Before signing a lease, I strongly advise you to consult your lawyer. They are not only legal and binding contacts they are a huge expense to your business and unfortunately, there are risks.

We have listed some of the most common rent structures landlords use when negotiating a lease with their tenants:

Gross Lease

For anyone wanting to lease a space, this particular lease sounds like the simplest type of lease to understand and it is the most commonly used for office space. You pay a flat monthly rate based on the square footage in your space and you do not have to worry about any other expenses such as real property taxes, insurance, utilities, and maintenance. The owner of the building pays these operating costs also known as common area maintenance or CAM.

Full-Service Gross Lease or Modified Gross Lease

However, if you did not negotiate to pay a quoted rental rate that does not change throughout the term of your lease, your rate will increase after your first year if the owners building expenses increased. The increase depends on the percentage the owners operating costs increased and if you negotiated an expense stop.

So again do your research. If you sign a full-service lease then review with the landlord what operating costs increased and by how much and if you can, look at the costs and how they fluctuated over a period of five years. Also, it is important for you as a tenant to have in writing in your agreement the exact operating costs that will be paid by the owner of the building.

A modified gross lease is attractive to some small businesses because it requires the landlord to be responsible for the maintenance of the building. It also gives the tenant direct control over the costs it pays, such as electricity. For landlords, a modified gross lease enables them to retain control over their property. It allows them to keep the property maintained and avoid maintenance conflicts with careless tenants.

It has been noted, that entrepreneurs probably sign more Modified Gross Leases than any other.

Net leases

There are three types of net leases – Single Net, Double Net or Net-Net and Triple Net Lease (NNN Lease)

  1.  Single Net Lease. This lease requires you to pay rent plus a portion (Pro-rata share) of the building’s property tax. You are not   responsible for insurance premiums or other maintenance costs. This is the least common type of lease used by landlords.
  2.  Double Net Lease. This lease requires you to pay the property taxes and the insurance premiums (based on the amount of space you   are leasing) in addition to your rent. The landlord pays for all other exterior maintenance costs.
  3.  Triple Net Lease. This lease requires you to pay a share of all three additional expenses including rent, property taxes, insurance   premiums and other costs such as maintenance and repairs to the building. The rent is typically lower than the gross lease but if the   costs get out of control and you signed a bondable net lease that stipulates the lease agreement cannot be terminated if the costs   increase then you are responsible for the term of the lease. Landlords prefer using this lease agreement. They typically estimate their   expenses and charge the tenants a portion of these expenses based on the sq. footage they are leasing. However, if you do not read the   fine print your rent could not only fluctuate year to year but also month to month.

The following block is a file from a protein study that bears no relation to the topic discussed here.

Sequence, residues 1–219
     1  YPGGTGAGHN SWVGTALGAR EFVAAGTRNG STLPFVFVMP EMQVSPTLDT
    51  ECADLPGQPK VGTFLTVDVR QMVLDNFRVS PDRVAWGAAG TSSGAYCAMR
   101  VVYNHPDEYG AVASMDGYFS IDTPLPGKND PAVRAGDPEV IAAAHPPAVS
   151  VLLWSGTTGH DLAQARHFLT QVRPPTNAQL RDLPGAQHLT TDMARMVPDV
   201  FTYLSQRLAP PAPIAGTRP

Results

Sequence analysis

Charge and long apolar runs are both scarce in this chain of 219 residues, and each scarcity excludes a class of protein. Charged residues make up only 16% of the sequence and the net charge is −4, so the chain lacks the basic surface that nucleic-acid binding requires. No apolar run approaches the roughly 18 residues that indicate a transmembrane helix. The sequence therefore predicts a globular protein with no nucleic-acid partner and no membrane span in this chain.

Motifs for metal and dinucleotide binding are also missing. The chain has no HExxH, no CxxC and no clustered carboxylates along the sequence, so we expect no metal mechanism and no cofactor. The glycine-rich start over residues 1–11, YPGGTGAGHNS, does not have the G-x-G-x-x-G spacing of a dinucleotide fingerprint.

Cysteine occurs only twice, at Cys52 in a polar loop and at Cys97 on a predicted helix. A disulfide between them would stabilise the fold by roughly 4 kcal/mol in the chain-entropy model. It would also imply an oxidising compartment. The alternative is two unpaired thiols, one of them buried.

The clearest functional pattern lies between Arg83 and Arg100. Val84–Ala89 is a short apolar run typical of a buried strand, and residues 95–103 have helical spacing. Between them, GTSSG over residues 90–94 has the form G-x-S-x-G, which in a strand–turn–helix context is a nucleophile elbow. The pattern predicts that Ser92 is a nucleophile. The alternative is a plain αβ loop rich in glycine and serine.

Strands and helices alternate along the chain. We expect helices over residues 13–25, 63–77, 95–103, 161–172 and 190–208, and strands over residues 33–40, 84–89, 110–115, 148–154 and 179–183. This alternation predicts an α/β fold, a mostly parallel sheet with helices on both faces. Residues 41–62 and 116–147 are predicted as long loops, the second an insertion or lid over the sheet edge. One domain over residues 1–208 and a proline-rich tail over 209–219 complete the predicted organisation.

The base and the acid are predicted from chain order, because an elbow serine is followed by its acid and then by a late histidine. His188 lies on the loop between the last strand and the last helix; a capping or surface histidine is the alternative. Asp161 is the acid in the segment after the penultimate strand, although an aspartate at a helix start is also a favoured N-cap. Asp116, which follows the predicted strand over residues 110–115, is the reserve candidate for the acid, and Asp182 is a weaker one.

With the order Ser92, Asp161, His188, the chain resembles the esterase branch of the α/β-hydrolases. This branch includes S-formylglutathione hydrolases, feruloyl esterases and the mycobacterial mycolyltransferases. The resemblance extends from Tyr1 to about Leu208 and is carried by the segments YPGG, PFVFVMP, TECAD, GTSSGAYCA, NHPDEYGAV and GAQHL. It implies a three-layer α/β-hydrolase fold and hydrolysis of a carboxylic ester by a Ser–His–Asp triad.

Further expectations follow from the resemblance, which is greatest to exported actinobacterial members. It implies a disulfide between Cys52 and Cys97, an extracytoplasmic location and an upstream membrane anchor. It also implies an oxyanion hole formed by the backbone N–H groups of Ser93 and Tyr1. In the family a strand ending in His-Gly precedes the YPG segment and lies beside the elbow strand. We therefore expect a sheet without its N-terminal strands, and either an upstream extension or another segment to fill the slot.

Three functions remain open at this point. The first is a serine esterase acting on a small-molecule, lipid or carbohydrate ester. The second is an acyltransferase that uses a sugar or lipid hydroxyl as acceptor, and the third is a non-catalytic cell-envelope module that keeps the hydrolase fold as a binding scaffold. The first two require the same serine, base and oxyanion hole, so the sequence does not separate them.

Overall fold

Percentage Lease

This lease requires you to pay a fixed rate plus a percentage of your gross income. They are commonly used for high-end retailers in multi-tenant locations such as malls and shopping centers.

What to watch out for!

Rentable vs Usable Space – The actual space you are renting is referred to as usable space and yet it is very common for landlords to include additional space including the lobby, hallways, stairs, and elevators to the calculation of your rent. So ask your landlord how he or she determines the amount of space that you will be charged and using.

Buildings Operating Expenses – You may be charged for some expenses that do not apply to the space you plan to rent. For example, the landlord may be charging you extra expenses such as penalties because he failed to pay taxes on time, other fees, and higher interest charges because the landlord refinanced his property; legal fees to resolve disputes with other tenants, or other structural repairs or replacements; capital improvements such as a new HVAC system are often absorbed by the tenants.

Be sure the percentage of common area maintenance charges is based on the size of the building and does not vary based on how much of the building is rented.

Escalation Clauses – Escalation clauses are both valid and very common in agreements and are used by landlords to pay for increases in the costs of their building. The clause allows a landlord to raise the rent if the cost of maintaining or operating the property increases. Most landlords will negotiate the escalation clause with you. Typically the CPI (consumer price index) is used as a guide to increase rent annually by the increase in the CPI index. The risk that you take is if inflation were to increase, you rent will also increase. So structure your lease for annual caps such as 3%.

Sometimes $12 a sq. ft. can climb to $20 a sq. ft. in a hurry.  Watch it!